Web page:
Tuesday, 31 March 2015

Up the Ganges

The meal at the Black Horse pub was very good, although it was apparent we are now paying London prices.  From the outside the pub looks old however once inside it has a more modern look.  There were plenty of vacant tables and the staff were friendly.

The heavy overnight wind and rain had pushed all the rubbish in the canal down to our mooring.  It was bank to bank and looked disgusting.  By the time we were ready to leave it had moved on.  unfortunately in the same direction as us which meant we had to cruise through it.  Actually I tried to glide through it with Waiouru in neutral.  Despite this we picked up more multi-coloured London jellyfish.  It seems rather pointless going down the weed hatch at this stage.  I’ll wait until we reach Little Venice.

After an hour of cruising we reached the 7 Day moorings outside the large Sainsbury’s at Alperton.  There are moorings for three boats and we comfortably managed to fit in between the two boats already there.

There is a large Chinese supermarket behind the Sainsbury’s which we will visit tomorrow.  Today it was a quick trip to Sainsbury’s for essentials.  Back again tomorrow to restock the cupboards.  The engine has also reached 2050 hours and is now due for a major service.  Apart from the oil, we already have all the consumables.  A quick check on Google Maps showed a nearby Halfords so I walked there after lunch and purchased 10 litres of oil.  At least tomorrow morning’s activities are now known! Smile

I took a photo of the moorings at Alperton on my way to Halfords using the old Samsung S1 with the custom ROM.

Apparently the towpath at Alperton has been used in a number of episodes of the TV series Eastenders.  Not that I’ve every watched the program!  Whilst walking to Halfords I noticed the Pleasure Boat Pub on the opposite side of the canal.  150 years ago the countryside at Alperton was a popular place for visitors who also frequented the pub.  The canal became a celebrated resort for anglers (obviously not fishing for urban jellyfish or London eels).   The area became less salubrious with the arrival of industry at the beginning of the 19th century.  As the most industrialised village in Wembley, it was infamous for the smells coming from shipments of gas lime and dung, a sewage farm, two recycling plants and three large piggeries. There were public order problems with fights among labourers and bare-knuckle boxing bouts and cockfights.

By the 1960’s Alperton was in decline.  The major redevelopment around Wembley and Sudbury didn’t reach the area.  However things started to change in the 1970’s with the arrival of many East African Asians (expelled from Uganda?) who opened shops along Ealing Road, selling saris, vegetables or sweets.  Many of the public notices in the local area are multi-lingual.

Sunday, 29 March 2015

That Tower

Well no sooner had I published yesterday’s post when I received an email from friend and blog reader Bill.  He informed me the photo was of the Aladdin Tower in Greenford.  I did some checking and he is correct (as usual).  Then blog reader Davidss left a comment suggesting it was probably a water tower.  So what information have I found.

The tower is part of the old Aladdin Factory built in 1931.  Aladdin manufactured paraffin heaters and associated components (eg, wicks) at the factory.  It was closed in 1980 and is now a Dunelm Mill.  Apparently there was also a B&Q store on the site at one time.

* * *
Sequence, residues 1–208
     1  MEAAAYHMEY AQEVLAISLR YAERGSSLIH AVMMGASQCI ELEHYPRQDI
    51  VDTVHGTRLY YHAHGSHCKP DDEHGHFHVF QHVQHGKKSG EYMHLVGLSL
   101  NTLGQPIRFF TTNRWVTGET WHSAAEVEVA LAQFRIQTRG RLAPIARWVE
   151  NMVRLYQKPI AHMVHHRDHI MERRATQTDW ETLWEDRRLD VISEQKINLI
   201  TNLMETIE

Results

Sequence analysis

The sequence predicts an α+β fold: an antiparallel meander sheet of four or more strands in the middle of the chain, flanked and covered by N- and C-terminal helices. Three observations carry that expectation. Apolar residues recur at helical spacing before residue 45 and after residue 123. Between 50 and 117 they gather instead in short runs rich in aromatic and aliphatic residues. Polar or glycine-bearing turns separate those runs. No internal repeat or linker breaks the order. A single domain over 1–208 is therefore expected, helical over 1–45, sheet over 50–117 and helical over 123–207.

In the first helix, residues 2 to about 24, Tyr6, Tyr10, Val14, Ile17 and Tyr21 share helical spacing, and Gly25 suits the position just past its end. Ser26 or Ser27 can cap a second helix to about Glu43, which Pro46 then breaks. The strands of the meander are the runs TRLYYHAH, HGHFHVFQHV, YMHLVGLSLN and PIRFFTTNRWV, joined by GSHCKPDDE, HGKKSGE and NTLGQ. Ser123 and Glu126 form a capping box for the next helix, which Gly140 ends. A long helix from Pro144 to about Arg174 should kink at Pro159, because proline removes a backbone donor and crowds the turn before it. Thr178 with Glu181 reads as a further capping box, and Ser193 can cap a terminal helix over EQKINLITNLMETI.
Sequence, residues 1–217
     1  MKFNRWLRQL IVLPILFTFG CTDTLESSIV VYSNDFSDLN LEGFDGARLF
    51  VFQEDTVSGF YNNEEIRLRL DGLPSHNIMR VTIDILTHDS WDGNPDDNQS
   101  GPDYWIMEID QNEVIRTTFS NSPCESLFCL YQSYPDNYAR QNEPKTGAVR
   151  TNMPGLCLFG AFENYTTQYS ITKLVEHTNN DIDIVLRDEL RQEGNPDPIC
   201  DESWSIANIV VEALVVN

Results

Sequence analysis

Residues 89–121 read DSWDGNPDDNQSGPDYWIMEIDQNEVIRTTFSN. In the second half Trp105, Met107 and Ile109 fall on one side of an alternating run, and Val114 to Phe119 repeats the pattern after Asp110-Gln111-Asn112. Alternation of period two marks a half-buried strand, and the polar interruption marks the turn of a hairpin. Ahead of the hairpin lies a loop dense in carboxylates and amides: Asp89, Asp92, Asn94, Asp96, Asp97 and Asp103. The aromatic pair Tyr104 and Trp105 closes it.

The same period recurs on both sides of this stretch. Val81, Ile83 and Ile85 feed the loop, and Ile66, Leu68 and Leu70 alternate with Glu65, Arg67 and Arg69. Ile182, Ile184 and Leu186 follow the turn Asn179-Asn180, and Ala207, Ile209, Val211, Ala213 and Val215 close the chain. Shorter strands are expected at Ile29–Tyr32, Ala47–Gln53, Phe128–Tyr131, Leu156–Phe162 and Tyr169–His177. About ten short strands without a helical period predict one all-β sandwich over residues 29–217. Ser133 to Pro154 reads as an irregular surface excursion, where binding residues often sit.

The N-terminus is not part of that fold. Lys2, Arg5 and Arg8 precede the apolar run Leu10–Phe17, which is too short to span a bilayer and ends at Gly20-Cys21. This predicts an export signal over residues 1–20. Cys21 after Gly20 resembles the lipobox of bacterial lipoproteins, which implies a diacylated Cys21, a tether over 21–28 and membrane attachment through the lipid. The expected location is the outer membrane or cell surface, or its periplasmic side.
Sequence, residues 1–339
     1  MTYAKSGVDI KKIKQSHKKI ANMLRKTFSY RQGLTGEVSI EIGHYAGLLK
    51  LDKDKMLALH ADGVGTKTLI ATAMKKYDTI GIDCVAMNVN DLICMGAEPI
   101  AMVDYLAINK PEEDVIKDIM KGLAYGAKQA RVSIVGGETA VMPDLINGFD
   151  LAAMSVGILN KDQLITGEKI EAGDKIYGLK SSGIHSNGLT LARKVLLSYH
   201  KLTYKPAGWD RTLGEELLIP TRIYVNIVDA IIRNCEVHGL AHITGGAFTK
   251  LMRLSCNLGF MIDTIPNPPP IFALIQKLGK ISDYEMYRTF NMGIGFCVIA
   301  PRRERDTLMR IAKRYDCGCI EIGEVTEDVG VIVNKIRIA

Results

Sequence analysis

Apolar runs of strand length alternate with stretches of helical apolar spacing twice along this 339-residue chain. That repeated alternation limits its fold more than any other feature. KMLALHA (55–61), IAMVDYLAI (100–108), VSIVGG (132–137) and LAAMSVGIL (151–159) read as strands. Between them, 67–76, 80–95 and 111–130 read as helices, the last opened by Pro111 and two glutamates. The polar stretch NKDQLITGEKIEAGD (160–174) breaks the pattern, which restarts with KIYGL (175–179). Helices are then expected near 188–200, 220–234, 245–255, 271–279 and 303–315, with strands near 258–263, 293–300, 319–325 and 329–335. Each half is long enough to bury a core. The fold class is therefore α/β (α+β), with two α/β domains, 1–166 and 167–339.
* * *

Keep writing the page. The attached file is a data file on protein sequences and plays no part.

From: http://ukbeach.guide/photos/uk-photos.php?photo=1026706

This is another photo of the building in 1937

From  http://www.britainfromabove.org.uk/image/epw053619

An almost rural setting back in 1937 and then it changed to light industry.  Now the building is surrounded by residential housing.

Another interesting fact.  During WW2 Aladdin Industries developed a number of barometric fuses which were used by the RAF.  These fuses were manufactured at this factory. <link to the Imperial War Museum>.

The History

Aladdin Industries has a rather interesting history.  The mantle lamp was first invented in Germany.  Canada and America had large rural populations and as a consequence many German manufactured lamps were exported.  However during WW1 German products became both unpopular and unavailable.  The Americans then started making their own which over time became superior to the German models.  The UK government had introduced substantial taxes on products not made locally to protect UK industries.  So Plume & Atwood (American manufacturers) established the Aladdin factory at Greenford in 1931.  During WW2 brass became a restricted metal and Aladdin started making lamps from steel.  They also diversified manufacturing other products using their burner technology.  This included field kitchen stoves, refrigerators, coffee urns and dehumidifiers.  They also started manufacturing thermos flasks.

By 1963 America had ceased manufacturing lamps and was importing them from Aladdin UK.  How the worm had turned.  Aladdin Industries also had a manufacturing plant in Australia.  The Australian factory also suffered from a lack of brass during WW2 and manufactured lamps from steel and glass.  The steel was painted rather than galvanised.

Of course the increasing availability of electricity steadily reduced the demand for paraffin lamps but the decision by the UK government to raise tariffs on imports to protect local industry allowed Aladdin to manufacture and supply ‘The Empire’.